The three remaining finalists for the Pomona College English department’s search for the Roy Edward Disney ’51 Professorship in Creative Writing are novelists Jonathan Lethem, Edie Meidav, and Chris Abani. The post was last held by the late David Foster Wallace.
Upholding Pomona’s tradition of soliciting student involvement in administrative decision-making, the English Department has arranged readings as well as sample fiction workshops by the candidates. Attendance is not restricted to English majors, and all interested students are encouraged to participate.
Abani’s reading is on March 4 at 4:15 p.m., and will take place in Crookshank 10. It is open to all students. Lethem and Meidav had readings and trial workshops on campus last week and yesterday, respectively.
Advertisements in the New York Review of Books, the London Review of Books, and the Times [of London] Literary Supplement, as well as letters to 36 writers proposed as fitting candidates, drew approximately 75 applications for the chair. The search committee narrowed the field by assessing portfolios—résumés, writing samples, and letters of recommendation—and interviewed seven individuals via video conferences.
The team then invited four contenders to visit campus. One of the candidates was Dominican-American author of the Pulitzer Prize-winning The Brief Wondrous Life of Oscar Wao, Junot Diaz, who shared his compelling upbringing and potent wit in an appearance at Pomona’s Rose Hills Theatre in autumn 2008. However, Diaz withdrew his candidacy for personal reasons.
Lethem’s Motherless Brooklyn garnered the 1999 National Book Critics Circle Award. The post-modern crime novel has been adapted for the big screen by actor Edward Norton. Norton is also directing and starring in the film, which is slated for a release later this year.
The New York Times included Lethem’s most recent novel, Chronic City—centered around a circle of delightfully idiosyncratic friends, including a has-been child actor and a disreputable autobiography ghost-writer—in its 2009 “10 Best Books of the Year” list. Lethem, who splits his time between Brooklyn, New York, and Berwick, Maine, has also been awarded a MacArthur “Genius” Grant. Lethem was on campus for a reading and trial workshop last Thursday.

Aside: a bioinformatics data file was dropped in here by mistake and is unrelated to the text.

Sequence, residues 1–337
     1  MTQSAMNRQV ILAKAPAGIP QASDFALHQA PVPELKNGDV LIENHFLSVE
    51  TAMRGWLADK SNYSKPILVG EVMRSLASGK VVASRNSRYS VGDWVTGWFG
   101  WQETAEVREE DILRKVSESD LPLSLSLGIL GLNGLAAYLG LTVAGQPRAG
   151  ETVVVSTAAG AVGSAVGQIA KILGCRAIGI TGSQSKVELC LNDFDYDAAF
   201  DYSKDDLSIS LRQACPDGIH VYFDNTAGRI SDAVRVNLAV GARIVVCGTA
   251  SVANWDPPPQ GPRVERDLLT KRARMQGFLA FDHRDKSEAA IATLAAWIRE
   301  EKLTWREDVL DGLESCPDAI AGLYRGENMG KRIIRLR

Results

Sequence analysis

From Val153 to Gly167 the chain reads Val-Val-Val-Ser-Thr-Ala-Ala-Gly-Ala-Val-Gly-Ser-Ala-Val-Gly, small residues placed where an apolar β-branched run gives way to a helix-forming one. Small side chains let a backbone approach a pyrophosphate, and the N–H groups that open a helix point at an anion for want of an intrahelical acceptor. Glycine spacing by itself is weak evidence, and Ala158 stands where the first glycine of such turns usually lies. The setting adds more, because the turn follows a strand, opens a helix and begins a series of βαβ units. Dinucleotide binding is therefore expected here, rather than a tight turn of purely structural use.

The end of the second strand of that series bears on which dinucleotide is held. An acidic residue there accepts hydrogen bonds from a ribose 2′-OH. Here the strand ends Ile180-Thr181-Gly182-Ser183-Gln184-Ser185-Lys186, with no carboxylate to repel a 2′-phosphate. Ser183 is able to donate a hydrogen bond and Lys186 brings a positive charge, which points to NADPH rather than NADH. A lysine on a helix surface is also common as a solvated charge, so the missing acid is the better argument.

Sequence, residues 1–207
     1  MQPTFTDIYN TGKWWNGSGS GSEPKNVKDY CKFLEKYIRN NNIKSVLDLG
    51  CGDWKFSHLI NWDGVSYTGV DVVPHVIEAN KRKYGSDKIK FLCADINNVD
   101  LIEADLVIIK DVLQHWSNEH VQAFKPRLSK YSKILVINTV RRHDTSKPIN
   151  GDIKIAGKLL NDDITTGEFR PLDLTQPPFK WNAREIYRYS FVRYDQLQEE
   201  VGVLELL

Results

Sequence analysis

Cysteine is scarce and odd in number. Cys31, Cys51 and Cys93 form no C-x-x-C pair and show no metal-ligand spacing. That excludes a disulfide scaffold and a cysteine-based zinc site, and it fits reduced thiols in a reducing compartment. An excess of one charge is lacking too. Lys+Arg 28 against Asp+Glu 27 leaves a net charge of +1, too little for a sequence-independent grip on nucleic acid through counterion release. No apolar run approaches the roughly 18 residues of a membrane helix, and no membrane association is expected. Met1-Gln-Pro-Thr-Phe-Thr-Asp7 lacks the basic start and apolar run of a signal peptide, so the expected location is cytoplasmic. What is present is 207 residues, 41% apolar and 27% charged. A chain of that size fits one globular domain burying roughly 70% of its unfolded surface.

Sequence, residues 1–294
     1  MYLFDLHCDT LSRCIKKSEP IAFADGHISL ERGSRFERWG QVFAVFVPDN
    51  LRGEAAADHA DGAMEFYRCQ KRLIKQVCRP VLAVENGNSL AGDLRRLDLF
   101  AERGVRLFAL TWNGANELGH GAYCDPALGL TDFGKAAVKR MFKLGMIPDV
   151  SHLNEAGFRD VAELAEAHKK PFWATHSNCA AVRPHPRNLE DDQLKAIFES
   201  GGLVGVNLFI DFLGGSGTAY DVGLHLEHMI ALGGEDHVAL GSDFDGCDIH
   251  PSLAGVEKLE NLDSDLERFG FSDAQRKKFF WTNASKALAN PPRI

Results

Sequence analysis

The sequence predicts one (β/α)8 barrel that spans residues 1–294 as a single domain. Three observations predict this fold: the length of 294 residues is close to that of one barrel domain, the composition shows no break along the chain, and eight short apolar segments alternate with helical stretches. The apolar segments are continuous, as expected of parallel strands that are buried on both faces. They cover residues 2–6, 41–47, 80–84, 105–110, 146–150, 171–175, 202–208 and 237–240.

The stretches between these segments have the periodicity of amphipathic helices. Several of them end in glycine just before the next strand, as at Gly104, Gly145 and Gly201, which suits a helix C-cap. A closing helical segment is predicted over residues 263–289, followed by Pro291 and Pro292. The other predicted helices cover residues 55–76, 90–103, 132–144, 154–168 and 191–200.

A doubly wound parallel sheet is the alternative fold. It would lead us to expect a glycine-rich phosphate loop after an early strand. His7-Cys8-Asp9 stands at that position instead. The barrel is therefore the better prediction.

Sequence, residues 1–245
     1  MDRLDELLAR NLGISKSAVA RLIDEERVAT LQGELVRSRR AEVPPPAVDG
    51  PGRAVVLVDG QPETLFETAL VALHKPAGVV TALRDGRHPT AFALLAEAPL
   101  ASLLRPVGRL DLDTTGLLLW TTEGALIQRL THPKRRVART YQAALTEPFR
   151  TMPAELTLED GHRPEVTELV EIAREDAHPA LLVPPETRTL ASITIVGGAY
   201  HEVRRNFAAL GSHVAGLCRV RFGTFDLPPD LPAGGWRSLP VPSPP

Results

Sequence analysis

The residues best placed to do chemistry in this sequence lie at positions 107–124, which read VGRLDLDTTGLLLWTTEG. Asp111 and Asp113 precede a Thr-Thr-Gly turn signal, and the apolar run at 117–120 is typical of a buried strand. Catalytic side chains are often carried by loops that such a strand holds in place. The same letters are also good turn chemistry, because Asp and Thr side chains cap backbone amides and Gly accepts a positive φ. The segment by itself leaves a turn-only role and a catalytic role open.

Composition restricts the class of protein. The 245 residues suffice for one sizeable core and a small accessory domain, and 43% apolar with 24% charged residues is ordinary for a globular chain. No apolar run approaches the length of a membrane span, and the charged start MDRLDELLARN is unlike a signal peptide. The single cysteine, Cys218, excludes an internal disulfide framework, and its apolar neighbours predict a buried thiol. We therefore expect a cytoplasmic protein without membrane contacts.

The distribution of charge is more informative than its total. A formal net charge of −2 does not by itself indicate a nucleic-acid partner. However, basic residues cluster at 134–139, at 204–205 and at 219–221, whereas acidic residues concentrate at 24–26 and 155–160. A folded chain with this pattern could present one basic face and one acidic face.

Meidav is currently a writer-in-residence at Bard College in upstate New York. Her novels The Far Field: A Novel of Ceylon and Crawl Space both appeared on the Los Angeles Times annual “Best Book” list. Her reading and workshop took place yesterday.
Abani, winner of a Guggenheim Foundation Award and a Hemingway Foundation/PEN Award, is equally accomplished in prose and poetry and currently teaches at the University of California, Riverside. Esquire Magazine called his work reminiscent of Ernest Hemingway.
Abani’s latest novella, Song For Night, concerns a mute 15-year-old boy who pilots a squad of mine detectors in a war-ravaged African country. Abani has produced other works about African youth struggling against circumstance.
The search for the new chair is a tender endeavor, as the seat was left vacant by the tragic death of Wallace. His Infinite Jest was included in Time Magazine’s compilation of the “100 Greatest Novels” published between 1923 and 2006.
Numerous undergraduate institutions have been accused of hiring writers solely for their fame, sacrificing the quality of instruction for big-name bragging rights. Wallace seemed to defy this paradigm, becoming regarded not only for his publicized genius but also his devotion to his students and his affection for the larger Pomona community.
English Department Chair Kevin Dettmar said the committee wants to preserve aspects of Wallace’s teaching philosophy and methodology. “Of course, you can’t simply forget a writer and teacher as towering as David; at the same time, we want to be very open to the possibilities of finding a writer and teacher who works in very different ways,” he said.
“Certainly Claremont isn’t the home base that every writer would choose,” said Dettmar. “Many New York-based writers seem unwilling to contemplate a move; so too with some Bay Area writers.”
However, Dettmar noted, “Most of the writers [considered] were already teaching; it’s only the very rare writer, in this day and age, who can support him or herself exclusively through his or her writing.”